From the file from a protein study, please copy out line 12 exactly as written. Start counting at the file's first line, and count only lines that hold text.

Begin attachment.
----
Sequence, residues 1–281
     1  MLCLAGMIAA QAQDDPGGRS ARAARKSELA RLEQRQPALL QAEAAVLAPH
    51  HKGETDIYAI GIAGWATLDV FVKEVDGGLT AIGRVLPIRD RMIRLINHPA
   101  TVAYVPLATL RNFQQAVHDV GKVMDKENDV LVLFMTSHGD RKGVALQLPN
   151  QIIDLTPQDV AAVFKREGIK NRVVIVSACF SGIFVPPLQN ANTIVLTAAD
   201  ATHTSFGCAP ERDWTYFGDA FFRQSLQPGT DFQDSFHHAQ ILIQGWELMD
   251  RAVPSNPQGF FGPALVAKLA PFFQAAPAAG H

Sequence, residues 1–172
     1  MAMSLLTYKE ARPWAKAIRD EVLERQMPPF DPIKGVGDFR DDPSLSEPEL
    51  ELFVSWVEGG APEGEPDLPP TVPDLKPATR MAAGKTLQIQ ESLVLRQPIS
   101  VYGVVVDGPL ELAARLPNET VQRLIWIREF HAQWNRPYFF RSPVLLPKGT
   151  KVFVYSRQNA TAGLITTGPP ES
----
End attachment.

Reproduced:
   151  KVFVYSRQNA TAGLITTGPP ES